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Brain changes wrought by gene linked to Alzheimer’s may begin in childhood, scientists say

Brain changes wrought by gene linked to Alzheimer’s may begin in childhood, scientists say
Children put their heads together to build a robot. A new study finds that gene variants that make adults more vulnerable to Alzheimer's disease are also linked to brain changes in kids. (Getty Images/iStockphoto)

The gene that makes some people more vulnerable to Alzheimer's disease as adults also affects the brain development and mental abilities of children, a new study shows.

Researchers who examined brain scans of 1,187 kids and teens found distinct patterns in the size and structure of the cortex, hippocampus and other important structures. These patterns were linked with different versions of a gene known as APOE, which may play a role in up to 25% of Alzheimer's cases.

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The research team also found a relationship between the version of APOE each young person had and how well each did on tests to measure cognitive function, working memory and attention.

The findings, published Wednesday by the journal Neurology, suggest that Alzheimer's may be much more than a disease related to the brain's inability to clear beta amyloid plaques. Instead, it may be useful to think of it as a developmental disorder.

The APOE gene tells cells how to make a protein called apolipoprotein E. When constructed, this protein helps form the molecules that carry cholesterol and other fats through the bloodstream. These molecules also ferry beta amyloid out of the brain.

The gene comes in three varieties, known as the e2, e3 and e4 variants. Since everyone inherits one version of the gene from each parent, there are six possible combinations. People with one — and especially two — e4 variants are significantly more likely to develop Alzheimer's than people without e4. Researchers also have found that adults with e2 variants have more plaques in their brains but are less likely to have symptoms of dementia.

A team led by Dr. Linda Chang, director of the Neuroscience and MRI Research Program at the University of Hawaii, wanted to see whether these gene variants influenced the brains of people earlier in life. So they recruited healthy subjects age 3 to 20 from around the country and enrolled them in the Pediatric Imaging, Neurocognition, and Genetics Study.

All of the children and teens in the study gave saliva samples so researchers could sequence their DNA. They took a series of tests to measure various aspects of cognitive function, and they got MRI scans so that researchers could visualize their brains.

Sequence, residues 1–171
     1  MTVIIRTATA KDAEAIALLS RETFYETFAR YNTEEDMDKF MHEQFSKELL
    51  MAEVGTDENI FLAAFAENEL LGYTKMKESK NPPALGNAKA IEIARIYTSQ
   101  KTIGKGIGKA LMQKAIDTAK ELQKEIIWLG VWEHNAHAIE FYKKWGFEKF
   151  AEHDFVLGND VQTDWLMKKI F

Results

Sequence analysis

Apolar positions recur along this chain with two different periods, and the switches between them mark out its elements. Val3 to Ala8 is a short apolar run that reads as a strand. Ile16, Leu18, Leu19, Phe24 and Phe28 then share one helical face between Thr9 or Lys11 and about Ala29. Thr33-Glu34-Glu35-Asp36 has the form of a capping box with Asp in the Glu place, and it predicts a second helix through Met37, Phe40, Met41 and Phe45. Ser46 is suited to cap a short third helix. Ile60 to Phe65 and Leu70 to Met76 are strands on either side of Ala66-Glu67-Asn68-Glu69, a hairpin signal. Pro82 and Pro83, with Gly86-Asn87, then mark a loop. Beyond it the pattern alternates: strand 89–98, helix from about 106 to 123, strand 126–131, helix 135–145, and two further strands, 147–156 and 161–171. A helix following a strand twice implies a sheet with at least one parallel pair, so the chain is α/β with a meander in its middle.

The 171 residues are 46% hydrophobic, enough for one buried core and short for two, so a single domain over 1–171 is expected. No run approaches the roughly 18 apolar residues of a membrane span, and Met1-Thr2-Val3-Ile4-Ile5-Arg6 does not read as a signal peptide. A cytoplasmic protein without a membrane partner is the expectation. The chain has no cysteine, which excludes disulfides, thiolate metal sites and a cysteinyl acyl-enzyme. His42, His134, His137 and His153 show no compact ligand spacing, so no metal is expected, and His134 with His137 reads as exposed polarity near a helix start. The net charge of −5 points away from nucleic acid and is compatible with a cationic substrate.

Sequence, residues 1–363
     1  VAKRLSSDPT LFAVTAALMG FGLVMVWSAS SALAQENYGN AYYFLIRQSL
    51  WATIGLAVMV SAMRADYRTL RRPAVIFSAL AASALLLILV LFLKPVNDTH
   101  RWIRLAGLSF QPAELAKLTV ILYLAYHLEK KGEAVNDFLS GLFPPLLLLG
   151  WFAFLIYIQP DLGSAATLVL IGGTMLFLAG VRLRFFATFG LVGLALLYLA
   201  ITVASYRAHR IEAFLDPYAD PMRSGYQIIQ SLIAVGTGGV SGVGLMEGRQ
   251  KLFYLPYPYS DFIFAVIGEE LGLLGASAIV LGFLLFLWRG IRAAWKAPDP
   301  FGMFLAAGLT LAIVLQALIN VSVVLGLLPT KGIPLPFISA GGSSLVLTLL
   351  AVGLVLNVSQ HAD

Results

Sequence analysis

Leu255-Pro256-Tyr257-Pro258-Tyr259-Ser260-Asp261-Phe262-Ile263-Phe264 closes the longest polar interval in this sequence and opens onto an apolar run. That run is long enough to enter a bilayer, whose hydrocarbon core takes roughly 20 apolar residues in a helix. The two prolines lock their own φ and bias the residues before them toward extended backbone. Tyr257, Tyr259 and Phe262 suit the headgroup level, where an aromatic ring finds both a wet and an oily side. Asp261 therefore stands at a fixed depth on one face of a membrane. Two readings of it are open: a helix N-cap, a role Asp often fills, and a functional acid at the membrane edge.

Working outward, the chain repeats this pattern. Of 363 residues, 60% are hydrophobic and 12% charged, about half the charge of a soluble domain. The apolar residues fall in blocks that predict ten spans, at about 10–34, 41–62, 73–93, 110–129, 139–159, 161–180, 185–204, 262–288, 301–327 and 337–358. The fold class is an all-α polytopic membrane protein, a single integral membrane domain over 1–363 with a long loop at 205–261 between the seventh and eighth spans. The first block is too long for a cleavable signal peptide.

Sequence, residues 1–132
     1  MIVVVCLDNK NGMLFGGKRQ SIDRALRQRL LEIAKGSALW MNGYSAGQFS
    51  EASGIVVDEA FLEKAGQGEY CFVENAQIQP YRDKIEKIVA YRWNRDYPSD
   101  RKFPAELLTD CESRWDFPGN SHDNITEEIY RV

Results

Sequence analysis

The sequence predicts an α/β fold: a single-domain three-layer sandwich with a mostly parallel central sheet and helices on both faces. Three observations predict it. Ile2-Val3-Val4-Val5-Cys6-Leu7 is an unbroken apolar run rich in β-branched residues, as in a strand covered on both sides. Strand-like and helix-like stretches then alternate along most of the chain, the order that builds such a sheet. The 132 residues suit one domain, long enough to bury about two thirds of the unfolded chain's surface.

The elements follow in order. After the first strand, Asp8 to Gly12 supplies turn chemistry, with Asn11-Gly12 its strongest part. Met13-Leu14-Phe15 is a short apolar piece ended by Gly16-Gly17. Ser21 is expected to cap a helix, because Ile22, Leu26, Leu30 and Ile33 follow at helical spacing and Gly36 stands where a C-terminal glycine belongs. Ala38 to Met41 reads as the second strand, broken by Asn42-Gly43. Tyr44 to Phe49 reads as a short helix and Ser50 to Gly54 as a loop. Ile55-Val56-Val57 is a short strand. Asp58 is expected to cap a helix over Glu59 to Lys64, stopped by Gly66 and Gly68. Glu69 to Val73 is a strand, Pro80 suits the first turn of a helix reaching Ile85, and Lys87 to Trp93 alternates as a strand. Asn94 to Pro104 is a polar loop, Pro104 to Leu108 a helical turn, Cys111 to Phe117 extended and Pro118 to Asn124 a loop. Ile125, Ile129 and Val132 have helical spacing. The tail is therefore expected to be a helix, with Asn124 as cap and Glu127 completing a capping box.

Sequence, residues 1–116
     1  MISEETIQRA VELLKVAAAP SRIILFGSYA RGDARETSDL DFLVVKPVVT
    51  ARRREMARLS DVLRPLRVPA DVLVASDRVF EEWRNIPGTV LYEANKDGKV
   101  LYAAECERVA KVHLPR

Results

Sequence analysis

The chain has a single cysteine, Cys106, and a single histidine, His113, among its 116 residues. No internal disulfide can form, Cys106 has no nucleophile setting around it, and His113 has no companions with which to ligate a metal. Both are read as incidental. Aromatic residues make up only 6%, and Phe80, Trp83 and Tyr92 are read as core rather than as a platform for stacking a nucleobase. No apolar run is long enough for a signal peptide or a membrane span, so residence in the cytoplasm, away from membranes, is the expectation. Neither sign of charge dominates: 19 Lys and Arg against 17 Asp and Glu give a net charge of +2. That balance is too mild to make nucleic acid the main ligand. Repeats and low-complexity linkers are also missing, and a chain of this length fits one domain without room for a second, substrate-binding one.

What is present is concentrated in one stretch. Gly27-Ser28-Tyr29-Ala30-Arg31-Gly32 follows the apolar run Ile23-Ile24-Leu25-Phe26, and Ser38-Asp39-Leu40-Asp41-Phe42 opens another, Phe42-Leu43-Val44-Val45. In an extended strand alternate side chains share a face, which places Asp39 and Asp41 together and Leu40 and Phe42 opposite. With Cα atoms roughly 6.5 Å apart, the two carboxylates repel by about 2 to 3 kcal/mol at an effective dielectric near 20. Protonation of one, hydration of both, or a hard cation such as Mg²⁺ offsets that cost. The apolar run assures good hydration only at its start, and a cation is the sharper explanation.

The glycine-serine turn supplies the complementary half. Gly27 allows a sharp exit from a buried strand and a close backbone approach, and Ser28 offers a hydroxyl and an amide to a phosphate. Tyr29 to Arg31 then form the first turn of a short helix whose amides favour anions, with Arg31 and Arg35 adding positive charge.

The researchers found a variety of differences in mental abilities and brain structure based on the age of the children and their particular version of the APOE gene. Many differences held up even after the researchers controlled for things like gender, genetic ancestry, family income and parents' education.

They found that children with e4/e4, e2/e2 and e2/e4 versions of the APOE gene showed different trajectories of brain development than children who inherited at least one e3 variant. The affected brain regions were ones that often are affected by Alzheimer's as well, according to the study.

Younger children with e2/e4 had less volume in the part of the brain called the hippocampus, which helps store information in long-term memory. In the same part of the brain, younger children with e4/e4 appeared to have a lower degree of myelination, which would hinder the transmission of signals between neurons. Both of these conditions "mirror" the brains of elderly people with the same genetic variants, the researchers wrote.

The study authors also noted that younger children with these two APOE variants and altered brain development also got lower scores on tests of their working memory and attention.

In addition to other brain differences, younger e4/e4 children also had signs of atypical development in the cortex — signs that are seen in kids with fetal alcohol syndrome.

The study authors made inferences about brain development by comparing children at different ages. Since brain development can vary quite a bit from person to person, it would be valuable to track individual children over a long period of time, they wrote.

Even with that caveat, the study results are "extremely intriguing," according to an editorial that accompanies the findings.

The results "support the provocative idea that AD (Alzheimer's disease) is, in part, a developmental disorder," wrote brain researchers Rebecca Knickmeyer of UNC Chapel Hill and Dr. M. Elizabeth Ross of Weill Cornell Medical College.

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If so, they wrote, it may be possible to develop treatments for children with high-risk DNA variants that would — decades later — delay the onset of Alzheimer's, reduce its severity or prevent it altogether.

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